Charges would represent a significant escalation in the US’s push to hold Russia accountable for the DNC hacks. Last December, the Democratic administration of then-President Barack Obama imposed sanctions on Russia’s military-intelligence agency, which uses the acronym GRU, and Russia’s Federal Security Service, Russia’s equivalent to the Central Intelligence Agency, in response to the DNC and other hacks. One of the individuals named was eventually charged for the Yahoo hacks.
Federal prosecutors and federal agents working in Washington, Pittsburgh, San Francisco and Philadelphia have been collaborating on the DNC investigation. The inquiry is being conducted separately from Special Counsel Robert Mueller’s investigation of alleged Russian meddling in the 2016 election and any possible collusion by President Donald Trump’s associates. WSJ reported.
This, of course, begs the question: If the FBI was denied access to the DNC’s email server, where did it find the “smoking gun” to justify these charges?
Even as President Trump has blasted the intelligence community’s claim that Russian President Vladimir Putin is directly responsible for the hack – calling these accusations a hoax and an excuse by Democrats for losing an election they thought they had in the bag – high-ranking US intelligence and law-enforcement officials have consistently stood by the intelligence community’s January assessment.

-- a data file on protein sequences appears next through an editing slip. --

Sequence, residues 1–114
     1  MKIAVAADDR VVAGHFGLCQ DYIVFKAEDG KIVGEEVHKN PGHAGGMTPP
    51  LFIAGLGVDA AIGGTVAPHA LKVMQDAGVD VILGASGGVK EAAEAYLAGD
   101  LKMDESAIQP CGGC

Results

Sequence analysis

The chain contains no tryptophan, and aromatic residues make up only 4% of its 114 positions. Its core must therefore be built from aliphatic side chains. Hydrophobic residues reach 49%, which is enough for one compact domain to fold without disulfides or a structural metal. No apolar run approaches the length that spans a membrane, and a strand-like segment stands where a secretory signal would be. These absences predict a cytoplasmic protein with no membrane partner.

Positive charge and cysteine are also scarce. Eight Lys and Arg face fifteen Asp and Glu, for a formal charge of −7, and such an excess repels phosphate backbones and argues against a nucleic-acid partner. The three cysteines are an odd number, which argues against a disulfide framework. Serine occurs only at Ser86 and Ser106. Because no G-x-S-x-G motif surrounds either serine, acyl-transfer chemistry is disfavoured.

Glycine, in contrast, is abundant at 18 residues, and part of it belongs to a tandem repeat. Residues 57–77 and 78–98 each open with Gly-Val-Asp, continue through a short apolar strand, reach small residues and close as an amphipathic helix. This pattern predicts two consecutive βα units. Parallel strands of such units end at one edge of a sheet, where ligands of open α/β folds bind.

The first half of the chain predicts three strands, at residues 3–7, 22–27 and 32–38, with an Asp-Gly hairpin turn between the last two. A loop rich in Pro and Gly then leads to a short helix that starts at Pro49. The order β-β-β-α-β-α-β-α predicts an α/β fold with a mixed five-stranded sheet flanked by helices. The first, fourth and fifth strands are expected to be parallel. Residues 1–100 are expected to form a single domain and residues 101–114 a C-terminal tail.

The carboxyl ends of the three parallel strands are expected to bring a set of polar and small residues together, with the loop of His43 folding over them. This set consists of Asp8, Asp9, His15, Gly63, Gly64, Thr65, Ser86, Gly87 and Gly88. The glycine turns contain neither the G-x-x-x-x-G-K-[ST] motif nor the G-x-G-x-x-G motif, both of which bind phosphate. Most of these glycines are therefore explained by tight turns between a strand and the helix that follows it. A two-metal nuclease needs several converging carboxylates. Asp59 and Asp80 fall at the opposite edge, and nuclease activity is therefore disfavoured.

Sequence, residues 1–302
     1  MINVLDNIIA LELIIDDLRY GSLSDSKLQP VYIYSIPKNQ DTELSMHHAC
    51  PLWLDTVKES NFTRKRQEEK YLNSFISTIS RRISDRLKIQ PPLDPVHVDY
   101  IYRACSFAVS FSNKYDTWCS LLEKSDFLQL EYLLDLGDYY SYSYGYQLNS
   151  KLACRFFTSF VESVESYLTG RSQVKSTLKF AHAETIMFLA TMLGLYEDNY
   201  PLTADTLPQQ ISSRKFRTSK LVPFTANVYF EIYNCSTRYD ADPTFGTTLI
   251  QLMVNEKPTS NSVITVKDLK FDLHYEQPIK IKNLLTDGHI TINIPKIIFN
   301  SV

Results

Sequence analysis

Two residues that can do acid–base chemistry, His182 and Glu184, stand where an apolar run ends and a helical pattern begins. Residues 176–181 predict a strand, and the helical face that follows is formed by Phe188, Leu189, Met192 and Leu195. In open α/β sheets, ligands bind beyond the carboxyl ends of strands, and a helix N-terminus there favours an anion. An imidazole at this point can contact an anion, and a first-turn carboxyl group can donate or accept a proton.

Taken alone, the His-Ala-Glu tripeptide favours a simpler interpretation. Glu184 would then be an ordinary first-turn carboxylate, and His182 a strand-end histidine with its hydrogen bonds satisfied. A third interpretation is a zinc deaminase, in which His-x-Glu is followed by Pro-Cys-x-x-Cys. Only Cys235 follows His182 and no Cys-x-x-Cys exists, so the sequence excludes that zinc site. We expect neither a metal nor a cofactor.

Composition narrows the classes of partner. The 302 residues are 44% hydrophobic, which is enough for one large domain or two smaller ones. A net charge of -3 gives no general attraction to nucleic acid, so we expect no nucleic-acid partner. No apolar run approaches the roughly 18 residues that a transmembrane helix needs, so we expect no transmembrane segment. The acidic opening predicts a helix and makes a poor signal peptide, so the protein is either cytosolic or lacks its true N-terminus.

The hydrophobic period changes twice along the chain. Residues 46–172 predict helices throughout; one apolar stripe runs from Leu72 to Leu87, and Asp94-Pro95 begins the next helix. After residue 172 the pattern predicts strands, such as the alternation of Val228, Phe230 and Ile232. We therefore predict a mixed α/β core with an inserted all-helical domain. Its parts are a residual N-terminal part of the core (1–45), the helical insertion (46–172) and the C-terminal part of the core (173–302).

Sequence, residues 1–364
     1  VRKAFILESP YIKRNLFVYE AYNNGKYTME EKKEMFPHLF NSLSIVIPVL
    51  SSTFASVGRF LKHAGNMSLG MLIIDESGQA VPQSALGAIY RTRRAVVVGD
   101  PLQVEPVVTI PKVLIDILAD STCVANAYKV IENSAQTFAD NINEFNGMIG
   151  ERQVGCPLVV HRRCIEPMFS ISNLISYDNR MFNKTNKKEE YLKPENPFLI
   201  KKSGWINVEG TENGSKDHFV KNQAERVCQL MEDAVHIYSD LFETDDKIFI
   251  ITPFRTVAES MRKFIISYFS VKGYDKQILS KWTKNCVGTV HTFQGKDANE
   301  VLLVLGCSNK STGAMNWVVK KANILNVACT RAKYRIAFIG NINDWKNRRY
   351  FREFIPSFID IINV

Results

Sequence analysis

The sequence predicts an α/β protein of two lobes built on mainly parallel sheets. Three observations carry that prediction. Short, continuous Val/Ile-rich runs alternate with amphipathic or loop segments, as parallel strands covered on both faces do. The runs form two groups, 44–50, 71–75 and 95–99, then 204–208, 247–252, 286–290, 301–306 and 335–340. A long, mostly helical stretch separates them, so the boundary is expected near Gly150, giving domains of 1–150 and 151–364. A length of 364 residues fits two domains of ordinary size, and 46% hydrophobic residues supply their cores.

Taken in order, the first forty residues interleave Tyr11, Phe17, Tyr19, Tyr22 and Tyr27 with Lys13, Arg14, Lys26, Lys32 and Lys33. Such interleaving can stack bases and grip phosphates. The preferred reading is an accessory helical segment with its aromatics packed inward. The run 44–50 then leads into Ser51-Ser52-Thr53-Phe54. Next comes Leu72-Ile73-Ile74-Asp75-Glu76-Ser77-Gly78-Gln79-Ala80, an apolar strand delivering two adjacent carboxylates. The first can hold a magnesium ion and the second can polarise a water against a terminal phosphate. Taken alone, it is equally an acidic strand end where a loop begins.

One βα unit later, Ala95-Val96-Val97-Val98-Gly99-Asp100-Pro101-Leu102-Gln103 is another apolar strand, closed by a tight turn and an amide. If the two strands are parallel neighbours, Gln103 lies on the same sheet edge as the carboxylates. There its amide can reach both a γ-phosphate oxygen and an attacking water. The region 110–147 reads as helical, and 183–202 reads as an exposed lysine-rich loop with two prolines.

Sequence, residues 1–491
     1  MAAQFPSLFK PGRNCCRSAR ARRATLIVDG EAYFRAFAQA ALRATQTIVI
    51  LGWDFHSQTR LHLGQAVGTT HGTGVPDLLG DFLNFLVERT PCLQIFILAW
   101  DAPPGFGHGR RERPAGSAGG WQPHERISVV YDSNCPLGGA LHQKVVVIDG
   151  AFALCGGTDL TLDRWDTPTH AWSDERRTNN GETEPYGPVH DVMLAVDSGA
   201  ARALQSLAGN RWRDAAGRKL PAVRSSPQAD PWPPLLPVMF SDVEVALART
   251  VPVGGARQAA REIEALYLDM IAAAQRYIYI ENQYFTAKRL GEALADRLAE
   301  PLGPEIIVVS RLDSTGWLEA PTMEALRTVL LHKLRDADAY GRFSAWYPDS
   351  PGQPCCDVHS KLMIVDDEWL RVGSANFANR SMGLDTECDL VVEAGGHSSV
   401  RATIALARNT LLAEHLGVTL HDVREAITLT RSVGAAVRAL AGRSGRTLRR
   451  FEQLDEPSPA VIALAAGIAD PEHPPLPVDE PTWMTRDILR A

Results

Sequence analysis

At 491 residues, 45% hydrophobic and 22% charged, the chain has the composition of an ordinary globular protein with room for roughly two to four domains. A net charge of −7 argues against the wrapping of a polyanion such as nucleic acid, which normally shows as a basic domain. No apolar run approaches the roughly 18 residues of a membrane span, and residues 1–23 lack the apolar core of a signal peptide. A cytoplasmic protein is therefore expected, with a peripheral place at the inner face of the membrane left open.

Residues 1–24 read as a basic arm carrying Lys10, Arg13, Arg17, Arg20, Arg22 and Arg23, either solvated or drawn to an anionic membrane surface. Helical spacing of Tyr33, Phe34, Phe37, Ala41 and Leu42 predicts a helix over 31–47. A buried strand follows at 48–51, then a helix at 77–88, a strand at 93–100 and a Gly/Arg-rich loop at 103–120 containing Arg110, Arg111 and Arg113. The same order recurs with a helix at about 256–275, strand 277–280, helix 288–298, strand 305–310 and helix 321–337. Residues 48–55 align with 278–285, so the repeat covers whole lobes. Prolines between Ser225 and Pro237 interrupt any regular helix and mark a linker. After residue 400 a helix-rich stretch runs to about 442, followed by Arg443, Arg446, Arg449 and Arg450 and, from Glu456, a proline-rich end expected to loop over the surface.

In that document, the intelligence community said GRU, “probably began cyber operations aimed at the U.S. election by March 2016.” It said the GRU had exfiltrated “large volumes of data” from the DNC by May.
By the time Mueller was appointed special counsel in May, the Justice Department and FBI investigation into the DNC hack had been under way for nearly a year, by prosecutors and agents with cyber expertise, before Mueller was appointed in May.
Rather than take over the relatively technical cyber investigation, Mueller and the Justice Department agreed that it would be better for the original prosecutors and agents to retain that aspect of the case, the people familiar with the Justice Department-FBI probe said, WSJ reported.
It is unclear if prosecutors will hold back filing charges until Mueller completes his investigation or wait to identify others who may have played a role in the DNC hack. Investigators believe dozens of others may have played a role in the cyberattack, the people said.
The Russia news mirrors the charges brought by the US three years ago against five members of a clandestine Chinese military unit for stealing secrets from US companies. The US has long struggled to counteract what the intelligence community refers to as ‘economic espionage’ – efforts by the Chinese to steal technology from US companies either through spies or hacking attacks. The charges against the Chinese men apparently forced China to scale back its corporate espionage efforts.
However, as Vladimir Putin has demonstrated in the past, he’s far less willing to countenance actions against his political allies by the US. When Congress passed the Magnitsky Act, which brought withering sanctions against several Putin allies, he responded by banning adoptions of Russian children by US families.
In an amusingly ironic twist, news of the charges comes as Donna Brazile, a former Clinton ally who admitted to leaking debate questions and town-hall topics to the Clinton campaign after her activities were exposed by the hacked emails, has turned on her former ally, publishing a screed accusing the DNC and Clinton campaign of “rigging” the primary.
Circling back the possible charges, we wonder: How Putin would respond to a criminal complaint? And, since it’s already been acknowledged that the US engages cyber espionage against the Russians and other countries including its own allies, would Putin use this as an opportunity to bring reciprocal charges of his own?